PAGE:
Tuesday, September 25, 2007

Protest tactic

Photo: REUTERS/Stringer (MYANMAR)

The German paper Der Spiegel ran this photo from the Myanmar (Burma) protests with this caption: "The monks have been refusing alms from members of the military and their relatives, effectively excommunicating them."

Now there's a campaign tactic that wouldn't work here -- or would it? Obviously the fact that Myanmar's ruling military recognizes the majority Buddhist faith as the state religion makes the monks' rejection more powerful. But the underlying tactic -- claimants to moral legitimacy refusing to take gifts from persons or entities they deem immoral -- can and has been used in other settings.

In fact, I was part of communities that routinely practiced this in the 1970s. In Catholic Worker houses that served free meals to the hungry in New York and San Francisco, we begged for vegetables at wholesale produce markets every week. Our policy was to refuse donations of lettuce not picked by United Farm Workers Union members and tell the middlemen who offered it why we couldn't use it. The wholesalers were mostly good Italian Catholics. They were pretty flummoxed by our refusal of their lettuce.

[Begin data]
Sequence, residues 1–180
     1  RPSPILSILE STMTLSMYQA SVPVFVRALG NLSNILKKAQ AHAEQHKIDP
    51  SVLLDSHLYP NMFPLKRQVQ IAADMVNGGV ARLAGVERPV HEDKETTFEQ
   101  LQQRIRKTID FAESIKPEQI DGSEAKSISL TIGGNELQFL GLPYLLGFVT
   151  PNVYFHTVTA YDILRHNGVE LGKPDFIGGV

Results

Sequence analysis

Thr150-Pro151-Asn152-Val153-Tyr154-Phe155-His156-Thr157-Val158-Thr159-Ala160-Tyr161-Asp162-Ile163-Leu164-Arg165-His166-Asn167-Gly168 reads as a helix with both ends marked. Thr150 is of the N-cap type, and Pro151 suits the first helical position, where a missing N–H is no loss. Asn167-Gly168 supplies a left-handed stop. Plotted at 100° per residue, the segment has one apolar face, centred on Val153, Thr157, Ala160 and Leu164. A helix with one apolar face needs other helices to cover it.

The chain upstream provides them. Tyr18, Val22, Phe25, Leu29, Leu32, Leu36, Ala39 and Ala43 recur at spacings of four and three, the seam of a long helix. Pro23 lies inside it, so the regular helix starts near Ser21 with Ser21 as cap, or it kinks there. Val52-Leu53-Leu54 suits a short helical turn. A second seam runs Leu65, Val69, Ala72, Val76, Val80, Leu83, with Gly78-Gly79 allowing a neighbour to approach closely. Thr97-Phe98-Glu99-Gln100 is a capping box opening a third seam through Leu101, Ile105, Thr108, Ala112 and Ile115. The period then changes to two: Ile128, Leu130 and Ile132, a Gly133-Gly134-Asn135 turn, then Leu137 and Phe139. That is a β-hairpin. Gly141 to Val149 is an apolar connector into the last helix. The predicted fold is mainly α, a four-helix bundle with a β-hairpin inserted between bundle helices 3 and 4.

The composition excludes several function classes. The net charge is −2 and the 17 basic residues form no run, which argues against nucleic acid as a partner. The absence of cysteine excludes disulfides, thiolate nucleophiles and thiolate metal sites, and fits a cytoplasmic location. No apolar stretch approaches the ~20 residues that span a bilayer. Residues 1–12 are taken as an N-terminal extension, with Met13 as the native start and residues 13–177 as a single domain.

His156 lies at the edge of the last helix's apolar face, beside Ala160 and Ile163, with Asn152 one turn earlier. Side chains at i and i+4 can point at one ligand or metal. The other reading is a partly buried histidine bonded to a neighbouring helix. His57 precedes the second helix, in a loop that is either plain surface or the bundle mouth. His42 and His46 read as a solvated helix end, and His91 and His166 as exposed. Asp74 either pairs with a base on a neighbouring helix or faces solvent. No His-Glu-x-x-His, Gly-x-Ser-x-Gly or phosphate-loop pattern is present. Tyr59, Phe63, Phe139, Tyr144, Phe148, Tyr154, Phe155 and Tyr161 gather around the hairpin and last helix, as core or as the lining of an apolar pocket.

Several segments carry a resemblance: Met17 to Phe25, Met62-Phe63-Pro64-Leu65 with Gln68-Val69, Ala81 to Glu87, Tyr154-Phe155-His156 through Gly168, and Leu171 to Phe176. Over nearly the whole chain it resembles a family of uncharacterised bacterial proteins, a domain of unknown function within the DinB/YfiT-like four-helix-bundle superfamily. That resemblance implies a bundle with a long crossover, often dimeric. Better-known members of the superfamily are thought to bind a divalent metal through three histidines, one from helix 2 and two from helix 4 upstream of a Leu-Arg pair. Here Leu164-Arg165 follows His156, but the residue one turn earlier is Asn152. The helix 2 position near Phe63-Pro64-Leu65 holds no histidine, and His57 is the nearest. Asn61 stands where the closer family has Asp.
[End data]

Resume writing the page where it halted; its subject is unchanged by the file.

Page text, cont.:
As you might imagine, they didn't always react positively. "You aren't Christians; you are some kind of commie hippies!" Occasionally we lay folks would bring some visiting nun along, just to keep them confused. After some years of this, they got used to us and showed a grudging respect for our odd principles. We did other work in support of the UFW boycott of non-union lettuce, but this too was part of carrying a message of justice for the people who raise our food.

This is not a tactic whose only relevance is within religious contexts. Sometimes progressive movements have just about nothing except justice and truth on their side. When that's your situation, you have to be darn careful about who your "friends" are.

For many years, the movement for LGBT equality had very few rich and powerful friends -- and nonetheless in those precarious times, one of the movements' pillars was the boycott of Coors beer. We didn't want the homophobic, anti-union, racist Coors family cozying up to our emerging community, even if they'd pay for a few ads in gay papers and sell beer at a Pride march when nobody else wanted our "perverted" business. The Coors boycott hurt the company economically because for years they couldn't sell in gay bars -- but in addition, it hurt the Coors brand, calling the company on the right wing activities of the owners. It was only when LGBT folks had won a measure of wealth and power of our own that we were ready to take Coors' "friendship."

When the moral high ground is all you have, it's your best and only weapon. Don't give it up easily. There will be lots of "friends" who want you to disarm yourself by accepting their "friendship." You not only don't need them; you empower yourself by keeping them at arms length.

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